Ensures that the noise levels in the workplace are not harmful to the workers
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A noise risk assessment is conducted to identify sources of noise risks and how they affect employees. Noise assessments are required to protect the health and safety of workers. It ensures that the noise levels in the workplace should not exceed the regulatory levels.
Employers must provide their staff exposed to noise levels that are 85 decibels and above with hearing protection. They should also designate hearing protection zones to protect the workers. Employees who are exposed to high noise levels should also undergo hearing tests regularly.
A noise risk assessment will help:
Noise becomes hazardous when it begins to interfere with communication and causes health problems. This kind of noise usually measures 85 decibels and above.
A typical conversation is usually around 55 decibels, while a drill or chainsaw is about 110 decibels. But if you have no measuring tools to determine the noise level, here are some practical ways to identify a noise hazard.
Noise hazards at work can be eliminated by using two types of controls — administrative and engineering. Administrative controls are changes that can limit or remove a worker’s exposure to noise hazards. Engineering controls are changes that decrease the sound level in the workplace.
Eliminating noise hazards can be costly. Here are some cost-effective ways to reduce the risk of noise hazards.
A well-oiled machine will function correctly and with less noise. Regular maintenance inspections will prolong the life of the machine and ensure that it is working at its optimum performance. Most of all, it reduces potential noise hazards that an ill-maintained device might have.
Limiting the shifts of employees exposed to noise hazards is a type of administrative control. By having shorter shifts, their exposure to hazardous noise becomes limited as well. Consequently, it will also reduce negative health effects in their body.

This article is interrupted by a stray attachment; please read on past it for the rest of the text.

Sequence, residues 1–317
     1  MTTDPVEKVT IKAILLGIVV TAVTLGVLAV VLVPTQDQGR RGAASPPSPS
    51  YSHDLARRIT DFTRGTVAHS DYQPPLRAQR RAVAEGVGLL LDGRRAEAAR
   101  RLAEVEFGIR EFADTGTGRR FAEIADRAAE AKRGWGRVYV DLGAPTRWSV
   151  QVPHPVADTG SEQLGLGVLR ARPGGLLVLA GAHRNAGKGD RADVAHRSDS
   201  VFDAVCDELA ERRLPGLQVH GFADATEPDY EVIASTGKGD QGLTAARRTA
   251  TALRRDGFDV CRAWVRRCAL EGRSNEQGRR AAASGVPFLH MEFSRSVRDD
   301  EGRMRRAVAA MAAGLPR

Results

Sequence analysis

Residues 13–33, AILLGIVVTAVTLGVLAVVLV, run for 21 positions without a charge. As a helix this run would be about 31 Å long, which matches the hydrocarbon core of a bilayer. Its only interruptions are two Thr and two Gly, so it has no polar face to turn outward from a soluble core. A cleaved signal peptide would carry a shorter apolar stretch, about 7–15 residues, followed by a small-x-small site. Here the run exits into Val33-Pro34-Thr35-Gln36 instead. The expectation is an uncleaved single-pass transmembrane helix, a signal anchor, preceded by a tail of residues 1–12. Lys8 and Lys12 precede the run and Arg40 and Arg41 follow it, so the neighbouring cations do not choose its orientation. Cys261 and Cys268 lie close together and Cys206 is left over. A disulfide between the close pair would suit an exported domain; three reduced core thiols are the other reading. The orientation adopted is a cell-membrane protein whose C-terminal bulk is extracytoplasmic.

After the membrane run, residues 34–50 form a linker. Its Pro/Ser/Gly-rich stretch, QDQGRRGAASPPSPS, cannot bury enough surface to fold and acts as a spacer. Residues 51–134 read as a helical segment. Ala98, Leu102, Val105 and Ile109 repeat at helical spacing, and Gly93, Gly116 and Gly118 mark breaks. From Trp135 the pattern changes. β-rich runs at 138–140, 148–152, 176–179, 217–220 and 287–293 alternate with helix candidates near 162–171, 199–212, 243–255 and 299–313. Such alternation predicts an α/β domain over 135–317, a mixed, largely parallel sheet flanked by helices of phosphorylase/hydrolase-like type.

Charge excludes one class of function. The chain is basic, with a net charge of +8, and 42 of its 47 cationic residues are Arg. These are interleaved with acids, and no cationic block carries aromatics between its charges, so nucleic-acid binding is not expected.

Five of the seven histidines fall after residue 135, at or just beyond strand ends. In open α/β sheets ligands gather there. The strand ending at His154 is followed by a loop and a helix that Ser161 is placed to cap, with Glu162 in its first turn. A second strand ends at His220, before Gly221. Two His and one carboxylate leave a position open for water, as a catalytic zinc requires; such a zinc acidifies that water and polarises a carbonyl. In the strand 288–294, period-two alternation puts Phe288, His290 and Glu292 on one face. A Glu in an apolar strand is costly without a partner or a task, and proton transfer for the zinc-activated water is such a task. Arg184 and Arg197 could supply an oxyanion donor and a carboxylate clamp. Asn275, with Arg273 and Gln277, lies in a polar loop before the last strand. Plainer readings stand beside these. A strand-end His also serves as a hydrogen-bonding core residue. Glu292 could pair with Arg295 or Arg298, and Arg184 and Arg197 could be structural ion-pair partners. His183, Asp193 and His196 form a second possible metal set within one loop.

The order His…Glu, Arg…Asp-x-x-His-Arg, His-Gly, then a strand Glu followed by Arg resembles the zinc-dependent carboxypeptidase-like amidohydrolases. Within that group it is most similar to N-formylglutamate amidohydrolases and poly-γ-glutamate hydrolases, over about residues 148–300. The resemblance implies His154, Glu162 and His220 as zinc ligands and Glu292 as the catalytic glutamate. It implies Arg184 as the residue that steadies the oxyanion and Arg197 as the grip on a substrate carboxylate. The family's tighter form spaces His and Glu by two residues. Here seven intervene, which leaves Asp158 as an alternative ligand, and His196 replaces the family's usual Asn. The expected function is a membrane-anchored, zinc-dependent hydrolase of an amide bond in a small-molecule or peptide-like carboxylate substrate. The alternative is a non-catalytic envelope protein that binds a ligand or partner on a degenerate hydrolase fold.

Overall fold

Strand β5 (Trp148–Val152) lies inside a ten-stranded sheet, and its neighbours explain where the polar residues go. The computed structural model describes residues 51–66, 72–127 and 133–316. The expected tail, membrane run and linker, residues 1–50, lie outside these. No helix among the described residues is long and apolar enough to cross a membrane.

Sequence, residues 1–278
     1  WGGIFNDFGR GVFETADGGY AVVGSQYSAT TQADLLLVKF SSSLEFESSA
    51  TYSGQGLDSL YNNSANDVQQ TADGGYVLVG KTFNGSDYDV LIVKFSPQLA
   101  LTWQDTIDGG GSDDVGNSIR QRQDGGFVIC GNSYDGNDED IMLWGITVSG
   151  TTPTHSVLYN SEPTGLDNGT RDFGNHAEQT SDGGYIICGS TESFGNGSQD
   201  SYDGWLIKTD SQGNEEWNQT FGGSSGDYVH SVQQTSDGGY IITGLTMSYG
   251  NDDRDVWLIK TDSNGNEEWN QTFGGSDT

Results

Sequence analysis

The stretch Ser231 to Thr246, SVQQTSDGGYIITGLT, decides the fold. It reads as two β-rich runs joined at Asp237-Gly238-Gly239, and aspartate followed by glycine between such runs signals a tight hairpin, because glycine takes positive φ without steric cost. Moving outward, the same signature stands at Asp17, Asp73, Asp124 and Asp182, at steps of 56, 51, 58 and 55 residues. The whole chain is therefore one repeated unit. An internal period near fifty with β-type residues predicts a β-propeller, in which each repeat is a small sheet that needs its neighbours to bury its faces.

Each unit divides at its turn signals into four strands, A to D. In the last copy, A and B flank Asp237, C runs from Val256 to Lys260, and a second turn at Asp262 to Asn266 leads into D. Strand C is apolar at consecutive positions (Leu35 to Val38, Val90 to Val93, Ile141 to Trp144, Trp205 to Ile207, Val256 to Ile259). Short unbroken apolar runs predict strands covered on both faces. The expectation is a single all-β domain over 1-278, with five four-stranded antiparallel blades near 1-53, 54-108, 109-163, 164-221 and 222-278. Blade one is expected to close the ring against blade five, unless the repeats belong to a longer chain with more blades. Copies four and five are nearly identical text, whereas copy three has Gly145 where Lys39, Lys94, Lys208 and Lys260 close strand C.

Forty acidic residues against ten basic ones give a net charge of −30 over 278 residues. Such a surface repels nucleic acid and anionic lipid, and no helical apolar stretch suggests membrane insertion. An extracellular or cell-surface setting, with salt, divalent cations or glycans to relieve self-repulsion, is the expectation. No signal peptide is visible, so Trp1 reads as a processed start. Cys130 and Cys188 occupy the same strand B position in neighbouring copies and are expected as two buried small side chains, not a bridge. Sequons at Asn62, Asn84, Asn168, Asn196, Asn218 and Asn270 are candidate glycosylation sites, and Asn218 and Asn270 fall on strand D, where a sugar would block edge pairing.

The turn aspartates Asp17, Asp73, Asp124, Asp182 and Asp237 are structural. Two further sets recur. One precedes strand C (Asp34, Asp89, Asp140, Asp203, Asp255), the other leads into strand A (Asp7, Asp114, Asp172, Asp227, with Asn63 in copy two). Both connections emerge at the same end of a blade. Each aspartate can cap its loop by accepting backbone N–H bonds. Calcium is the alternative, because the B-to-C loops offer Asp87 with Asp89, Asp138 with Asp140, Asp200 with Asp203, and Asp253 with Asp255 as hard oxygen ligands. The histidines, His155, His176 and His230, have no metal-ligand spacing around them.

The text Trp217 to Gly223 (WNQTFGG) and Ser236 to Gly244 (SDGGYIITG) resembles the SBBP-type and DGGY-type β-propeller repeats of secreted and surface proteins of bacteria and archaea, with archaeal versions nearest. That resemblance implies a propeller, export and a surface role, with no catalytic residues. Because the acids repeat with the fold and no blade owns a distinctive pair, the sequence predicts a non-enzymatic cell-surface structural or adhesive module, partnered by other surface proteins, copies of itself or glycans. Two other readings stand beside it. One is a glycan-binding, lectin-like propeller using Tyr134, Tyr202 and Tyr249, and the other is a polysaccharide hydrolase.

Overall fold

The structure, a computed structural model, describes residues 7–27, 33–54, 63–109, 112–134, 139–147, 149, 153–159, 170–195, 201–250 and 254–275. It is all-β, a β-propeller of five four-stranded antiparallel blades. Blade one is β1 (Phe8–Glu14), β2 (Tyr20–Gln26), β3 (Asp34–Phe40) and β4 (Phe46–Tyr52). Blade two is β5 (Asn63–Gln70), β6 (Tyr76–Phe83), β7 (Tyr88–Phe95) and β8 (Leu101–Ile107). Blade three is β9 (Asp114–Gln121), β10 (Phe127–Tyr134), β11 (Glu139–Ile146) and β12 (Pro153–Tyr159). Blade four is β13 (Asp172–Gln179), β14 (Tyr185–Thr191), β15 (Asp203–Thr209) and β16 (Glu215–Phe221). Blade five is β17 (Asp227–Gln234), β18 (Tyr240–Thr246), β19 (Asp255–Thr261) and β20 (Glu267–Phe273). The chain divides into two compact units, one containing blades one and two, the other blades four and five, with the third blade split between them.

Limiting the work hours of employees is also cost-effective. According to a case study conducted by the American Industrial Hygiene Association (AIHA), fixing a worker’s hearing is more expensive than managing the noise hazard. It is cheaper than running a hearing conservation program for employees.
Enclosing the cause of the noise is a simple and less expensive way of reducing the noise hazard. It is also the best solution if you cannot move heavy machinery to another place. An enclosure will muffle the sound of the machine.
If people must operate these machines, management should limit their shifts to avoid too much exposure.
There is personal protective equipment (PPE) that can cancel the noise. Some of this includes earplugs or earmuffs. However, PPEs should only be used in workplaces with low levels of noise hazards or just as a temporary solution.
Noise hazards are among the most significant risks in the workplace. This makes it all the more important to conduct regular noise risk assessments to identify and eliminate hazards at an early stage. Traditionally, such assessments are conducted with pen and paper. However, this method is prone to lose, damage, and unauthorized access. Switching to digital forms and checklists offers companies many benefits for document management and workplace safety.
With Lumiform's mobile app and desktop software, audits and inspections can be conveniently conducted on-site without the need to revise the data afterward. After each noise risk assessment, the collected data is immediately stored digitally, securely, and centrally in the cloud. This means that all responsible employees have immediate access to the information. But that's just one of the benefits Lumiform offers companies in managing their occupational health and safety measures: